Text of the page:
7. Bruuuahh! LOL, the Singh in the pink dastaar made the 'changing the lightbulb' dance look almost cool for a while. Only one Singh going wild at another Nusrat Fateh Ali Khan concert, but one is all that's needed: Enjoy, K.
  8. Jason12 ji, I understand that you may be upset at the murder of one of your leaders, and that you are rightly disgusted at the retention in Sikhi of Hindu ideas of caste by some Sikhs, but you are crossing the line when you compare Ghasidas with Guru Gobind Singh Ji and when you attempt to threaten innocent Sikhs with possible violence at the hands of a Ravidassia majority. I also find it rather ironic that you accuse Sikh society of casteism when your post is full of references to caste. The teachings of the Guru Granth Sahib - and this includes the teachings of Bhagat Ravidas - teach us that, in the court of God, there is no caste, neither does one's caste offer any particular advantage in the spiritual realm. Also, while I have no doubt that there are brave Ravidassias - just as there are brave Sikhs-, the rioters who caused chaos and destruction across the Punjab were neither brave nor followers of any religion. Do you not agree? I hope that, when your anger has subsided, you will be one of the many among the Ravidassia community who will help to repair wounds in your community and that you will make efforts to heal the rift that has grown between mainstream Sikhi and the Ravidassia path (as many Sikhs are already doing) so that both can coexist peacefully as we have done in the past. However, if you are so overcome with krodh that you cannot control it without threatening harm, or attempting to harm, communities of innocent Sikhs in places where we are a minority, you should know that Sikhs have never relied on numbers to fight a battle or win a war: Sikhs are the children of Akali Nihang Guru Gobind Singh ji and Mata Sahib Devi, and we are protected by Sri SarbLoh and Sri Sarbkaal at all times. Warm regards, Kaljug Singh.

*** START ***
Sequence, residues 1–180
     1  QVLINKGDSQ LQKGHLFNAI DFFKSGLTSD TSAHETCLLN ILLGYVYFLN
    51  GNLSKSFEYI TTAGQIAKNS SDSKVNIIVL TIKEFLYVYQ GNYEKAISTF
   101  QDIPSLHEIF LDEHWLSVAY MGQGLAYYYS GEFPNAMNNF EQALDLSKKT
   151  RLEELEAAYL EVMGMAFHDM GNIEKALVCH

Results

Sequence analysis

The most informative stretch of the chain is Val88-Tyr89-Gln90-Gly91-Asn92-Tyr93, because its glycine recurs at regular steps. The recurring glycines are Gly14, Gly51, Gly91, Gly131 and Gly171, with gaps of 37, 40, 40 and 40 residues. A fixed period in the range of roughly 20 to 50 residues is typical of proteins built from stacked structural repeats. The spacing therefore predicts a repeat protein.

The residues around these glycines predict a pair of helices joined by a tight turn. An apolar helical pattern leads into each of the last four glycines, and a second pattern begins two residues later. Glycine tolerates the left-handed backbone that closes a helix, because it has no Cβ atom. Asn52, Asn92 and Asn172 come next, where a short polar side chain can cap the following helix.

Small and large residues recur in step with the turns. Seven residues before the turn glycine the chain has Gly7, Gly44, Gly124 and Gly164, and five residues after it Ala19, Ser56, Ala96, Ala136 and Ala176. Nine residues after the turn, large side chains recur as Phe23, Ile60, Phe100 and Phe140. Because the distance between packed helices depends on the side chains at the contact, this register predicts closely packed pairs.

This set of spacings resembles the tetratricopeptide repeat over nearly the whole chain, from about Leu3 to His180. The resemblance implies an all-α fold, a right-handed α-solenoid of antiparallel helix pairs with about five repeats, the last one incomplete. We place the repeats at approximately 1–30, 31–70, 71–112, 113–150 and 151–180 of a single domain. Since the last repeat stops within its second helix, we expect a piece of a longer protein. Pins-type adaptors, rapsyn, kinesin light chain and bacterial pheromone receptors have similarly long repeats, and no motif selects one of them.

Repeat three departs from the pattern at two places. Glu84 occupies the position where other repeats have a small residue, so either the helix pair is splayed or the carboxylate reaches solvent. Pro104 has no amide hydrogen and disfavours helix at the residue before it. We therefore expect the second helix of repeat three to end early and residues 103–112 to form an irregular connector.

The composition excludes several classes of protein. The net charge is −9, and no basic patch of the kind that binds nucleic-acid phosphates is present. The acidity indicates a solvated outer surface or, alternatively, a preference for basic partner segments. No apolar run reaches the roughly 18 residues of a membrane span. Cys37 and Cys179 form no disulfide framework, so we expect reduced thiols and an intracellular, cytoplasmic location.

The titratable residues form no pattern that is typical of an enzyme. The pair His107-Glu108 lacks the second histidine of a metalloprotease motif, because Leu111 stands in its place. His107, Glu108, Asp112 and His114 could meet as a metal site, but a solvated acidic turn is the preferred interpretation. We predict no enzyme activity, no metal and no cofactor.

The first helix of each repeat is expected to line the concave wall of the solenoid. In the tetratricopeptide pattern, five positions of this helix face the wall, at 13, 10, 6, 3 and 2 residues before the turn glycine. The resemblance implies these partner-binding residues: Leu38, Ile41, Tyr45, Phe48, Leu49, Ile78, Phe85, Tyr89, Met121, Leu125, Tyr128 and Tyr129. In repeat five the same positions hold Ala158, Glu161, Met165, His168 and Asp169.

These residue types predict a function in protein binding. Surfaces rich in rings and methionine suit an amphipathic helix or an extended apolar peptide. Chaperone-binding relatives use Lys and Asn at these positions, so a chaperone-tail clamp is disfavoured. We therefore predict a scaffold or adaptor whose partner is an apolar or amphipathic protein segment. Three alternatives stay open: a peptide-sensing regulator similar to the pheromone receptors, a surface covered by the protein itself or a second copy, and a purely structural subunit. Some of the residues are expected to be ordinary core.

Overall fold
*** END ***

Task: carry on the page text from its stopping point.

9. Fateh! What exciting news! Are they planning to put the digital library on the web somewhere? K.
  10. OP: If you even suspect that you had sex, get a pregnancy and std test and go see your dr. If it didn't go that far, then don't dwell on the guilt-feelings and use this as an opportunity to improve your jeevan: start regular naam simran and attempt to do your nitnem every day. And don't drink again. If you end up in a similar situation because of alcohol, you will have only yourself to blame. Edit: and if your "guy friend" took advantage of your drunkeness, then you obviously cannot trust him. Get new friends. K